NOTRE DAME — When Notre Dame took the field for its pre-game warmups against Pittsburgh, starting nose guard Louis Nix came out in sweatpants and a jacket instead of a full uniform.
Nix had been recovering from knee tendinitis that had kept him benched the past two games. Taking the field sans uniform was as sure a sign as any that he would be missing a third game.
Observers ignited Twitter with reporters that Nix wouldn’t dress, that Nix’s knee issue was more serious than head coach Brian Kelly was letting on. When Notre Dame came back out before the game, Nix was dressed in full gear and ended up playing more than 60 snaps in the loss to Pitt on Saturday, Nov. 9.
Without even saying a word, Nix had yet again willed his brand of humor on the rest of the college football world.
“That was intentional,” he grinned in a session with reporters the following Tuesday. “Going out on the field with sweats on, I just wanted to mess with you guys for a little bit.”
It’s the sense of humor reporters and fans have grown to expect from Nix during the past three years. The then-redshirt sophomore who battled with homesickness and an urge to go the way of former Irish defensive end Aaron Lynch blossomed into the soft-spoken yet forthright quote machine who rivaled Manti Te’o and Everett Golson for camera time.
Just 10 months before Notre Dame appeared in the BCS National Championship, Lynch jumped ship to return to Florida. Shortly after Lynch’s departure, Nix, a Tallahassee, Fla., native, Tweeted “Hopping on the Delta and might never come back.”
But Nix stayed in South Bend and went on to have one of the most dominating seasons of any nose guard in college football. He’ll take the field for senior day against Brigham Young, fulfilling a promise he made to his mother last year.
“I think when you come on campus and breathe the air of Notre Dame, it has a tendency to help you,” Kelly said. “Just being on this campus, being around the students, being around the faculty, being around the staff, you’re in an incredible environment of successful people. Success breeds success. (Louis is) around other football players and student athletes that are like-minded.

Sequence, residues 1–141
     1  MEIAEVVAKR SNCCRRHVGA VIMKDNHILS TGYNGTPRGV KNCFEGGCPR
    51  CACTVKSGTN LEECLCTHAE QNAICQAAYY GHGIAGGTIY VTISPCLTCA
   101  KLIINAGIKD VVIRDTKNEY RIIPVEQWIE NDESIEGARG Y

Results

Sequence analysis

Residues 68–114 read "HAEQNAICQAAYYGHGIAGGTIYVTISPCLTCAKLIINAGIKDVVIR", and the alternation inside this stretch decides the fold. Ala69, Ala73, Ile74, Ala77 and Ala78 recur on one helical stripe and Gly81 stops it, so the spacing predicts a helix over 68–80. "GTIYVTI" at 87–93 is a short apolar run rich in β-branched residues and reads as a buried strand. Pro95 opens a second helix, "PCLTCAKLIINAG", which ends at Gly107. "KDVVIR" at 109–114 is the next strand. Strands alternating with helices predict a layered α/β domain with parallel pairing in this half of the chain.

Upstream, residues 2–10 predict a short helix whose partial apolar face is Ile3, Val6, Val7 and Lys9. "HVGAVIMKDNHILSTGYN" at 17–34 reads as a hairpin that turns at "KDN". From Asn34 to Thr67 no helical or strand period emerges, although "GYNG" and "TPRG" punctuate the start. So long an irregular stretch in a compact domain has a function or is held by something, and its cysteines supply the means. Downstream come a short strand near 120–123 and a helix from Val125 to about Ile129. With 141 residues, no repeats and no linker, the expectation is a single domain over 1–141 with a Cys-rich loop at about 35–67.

“Let’s not forget Louis’s goals. I think that’s central to this. Louis chose Notre Dame because he wanted more. He wanted that degree from Notre Dame. He could have gone anywhere. I think central to all of that is Louis Nix wanted a degree from Notre Dame. And he’s going to have one. When you cut right to it, it worked because Louis Nix wanted it to work. There’s other stories that came in and it didn’t work for them. I think it’s a great story.”
Nix is also primed for post-Notre Dame success.
He piled on 19 credit hours — including a nine-hour, one-credit course on Saturday during Notre Dame’s bye — this semester in order to graduate in December. He’ll walk the stage with a film, television and theater degree and a fierce determination to win a post-season football award.
He’s currently projected as a first round NFL draft pick by ESPN’s Mel Kiper Jr.
But in typical Nix fashion, he won’t confirm that he’s leaving the team after this year. Not without having some fun first, anyway.
“It’s been a great four years for me, a potential fifth,” Nix said, pausing for effect.
A fifth year?
“It’s up in the air right now,” he said. “Who knows. It’s something to think about, I love this place. Who wouldn’t want to come back for a fifth year?
He chided doubtful reporters, adding, “Half of you didn’t think I was coming back last year.”
Wherever Nix ends up next year, he’ll likely bring that same easy comfort and relaxed humor that have become staples of his tenure at Notre Dame.
“I just try to make life happy,” he said, “to make people smile.”